Source: Barcroft Media
Playfully clambering over their doting mother these polar bear cubs spring into action for the most sociable time of the year.
Across the polar regions from Norway to Canada these images show the intimate relationship between polar bear mothers and their young as they emerge from their winter hibernation.
Photographers with Steve Bloom Images have Steve Bloom spent hundreds of hours in the arctic regions photographing the amazing interactions from lounging around in the snow to diving head first into the icy waters looking for food.
“The polar bear's presence is entirely transitory, with photography dependent on accurate timing, the right weather and exceptional luck,” said Steve.
"Imagine a world without polar bears. It seems unthinkable, yet as climate change gathers pace, the Arctic ice floes upon which the polar bear depends are beginning to break up.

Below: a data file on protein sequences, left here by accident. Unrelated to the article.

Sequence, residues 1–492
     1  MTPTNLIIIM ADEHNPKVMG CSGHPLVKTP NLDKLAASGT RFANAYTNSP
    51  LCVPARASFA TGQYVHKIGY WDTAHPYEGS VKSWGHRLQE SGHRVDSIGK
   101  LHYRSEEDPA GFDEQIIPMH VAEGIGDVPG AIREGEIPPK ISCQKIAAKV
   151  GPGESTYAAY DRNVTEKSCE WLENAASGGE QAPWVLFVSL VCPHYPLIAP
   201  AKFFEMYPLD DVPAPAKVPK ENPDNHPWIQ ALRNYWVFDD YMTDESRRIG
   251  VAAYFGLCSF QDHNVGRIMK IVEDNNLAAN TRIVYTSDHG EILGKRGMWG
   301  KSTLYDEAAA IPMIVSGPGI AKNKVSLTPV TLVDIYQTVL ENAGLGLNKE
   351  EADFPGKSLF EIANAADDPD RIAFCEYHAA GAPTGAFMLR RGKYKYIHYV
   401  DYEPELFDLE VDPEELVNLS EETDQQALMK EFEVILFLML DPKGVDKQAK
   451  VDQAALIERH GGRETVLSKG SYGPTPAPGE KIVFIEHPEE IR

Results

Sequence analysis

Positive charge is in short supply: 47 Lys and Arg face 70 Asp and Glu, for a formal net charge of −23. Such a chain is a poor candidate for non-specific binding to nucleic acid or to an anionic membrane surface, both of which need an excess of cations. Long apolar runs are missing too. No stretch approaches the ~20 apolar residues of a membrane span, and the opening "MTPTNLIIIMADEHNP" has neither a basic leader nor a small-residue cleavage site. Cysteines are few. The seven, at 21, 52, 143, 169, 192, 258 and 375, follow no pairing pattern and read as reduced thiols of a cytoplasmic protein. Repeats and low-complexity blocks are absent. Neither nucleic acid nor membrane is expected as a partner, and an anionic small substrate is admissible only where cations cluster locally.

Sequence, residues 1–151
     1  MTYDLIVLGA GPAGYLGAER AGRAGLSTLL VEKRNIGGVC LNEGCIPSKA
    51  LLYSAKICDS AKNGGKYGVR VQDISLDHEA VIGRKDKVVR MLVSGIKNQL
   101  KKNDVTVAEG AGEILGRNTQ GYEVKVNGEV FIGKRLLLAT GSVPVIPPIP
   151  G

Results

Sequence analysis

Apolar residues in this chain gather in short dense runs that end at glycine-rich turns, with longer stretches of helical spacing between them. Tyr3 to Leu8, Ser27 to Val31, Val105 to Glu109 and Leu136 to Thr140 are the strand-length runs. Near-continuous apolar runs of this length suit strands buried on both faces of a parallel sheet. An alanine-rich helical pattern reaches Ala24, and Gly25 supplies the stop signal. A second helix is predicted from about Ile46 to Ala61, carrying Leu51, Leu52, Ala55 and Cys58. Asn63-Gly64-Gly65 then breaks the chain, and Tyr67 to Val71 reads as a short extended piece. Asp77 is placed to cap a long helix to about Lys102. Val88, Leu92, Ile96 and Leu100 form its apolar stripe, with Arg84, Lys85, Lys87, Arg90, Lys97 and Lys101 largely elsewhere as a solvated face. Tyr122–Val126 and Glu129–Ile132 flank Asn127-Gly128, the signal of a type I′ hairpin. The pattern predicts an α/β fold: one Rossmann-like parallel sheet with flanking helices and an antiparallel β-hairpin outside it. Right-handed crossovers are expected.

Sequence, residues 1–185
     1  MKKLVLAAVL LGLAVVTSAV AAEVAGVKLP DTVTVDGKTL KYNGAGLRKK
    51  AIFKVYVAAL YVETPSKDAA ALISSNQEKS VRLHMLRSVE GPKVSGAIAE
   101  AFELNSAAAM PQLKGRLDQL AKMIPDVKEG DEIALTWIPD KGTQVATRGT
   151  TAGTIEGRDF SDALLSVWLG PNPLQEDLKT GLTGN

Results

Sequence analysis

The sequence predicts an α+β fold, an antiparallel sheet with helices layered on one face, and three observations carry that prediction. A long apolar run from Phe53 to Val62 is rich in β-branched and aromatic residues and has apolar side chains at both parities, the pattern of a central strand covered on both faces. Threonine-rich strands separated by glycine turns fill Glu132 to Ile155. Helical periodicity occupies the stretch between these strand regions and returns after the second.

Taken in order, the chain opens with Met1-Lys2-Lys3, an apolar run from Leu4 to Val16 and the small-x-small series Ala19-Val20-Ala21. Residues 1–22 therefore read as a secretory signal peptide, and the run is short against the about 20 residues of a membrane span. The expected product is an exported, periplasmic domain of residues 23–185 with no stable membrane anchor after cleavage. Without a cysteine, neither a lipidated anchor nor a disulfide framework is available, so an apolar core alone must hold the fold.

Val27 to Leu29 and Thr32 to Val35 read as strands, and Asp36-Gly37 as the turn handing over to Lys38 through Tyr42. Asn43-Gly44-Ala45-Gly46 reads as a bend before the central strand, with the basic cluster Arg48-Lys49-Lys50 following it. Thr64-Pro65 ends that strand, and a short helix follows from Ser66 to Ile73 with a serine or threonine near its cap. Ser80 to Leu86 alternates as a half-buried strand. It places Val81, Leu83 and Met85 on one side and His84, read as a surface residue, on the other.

"In the years ahead, this could be catastrophic for this truly charismatic bear which, when it stands up, is taller than the largest elephant.
"The irony is that the polar bear represents one of conservation’s greatest successes: thanks to an international convention controlling the hunting of the species."
Polar beats follow a natural two war life cycle. Each winter, females dig dens, where they give birth to their cubs – usually two, but sometimes as many as four.
The timing of the birth is sometime during early winter between December and January.
The snow den, mother’s body heat, and her milk, which is high in fat content, enables the cubs to keep warm and grow rapidly before leaving the den in March or April.
Short trips are made to and from the den for several days as the cubs get used to the outside temperatures. Then the family leaves and makes its way to the sea ice where the mother teaches, hunts for and protects her cubs.
After two years together, the family disperses and the cycle begins again.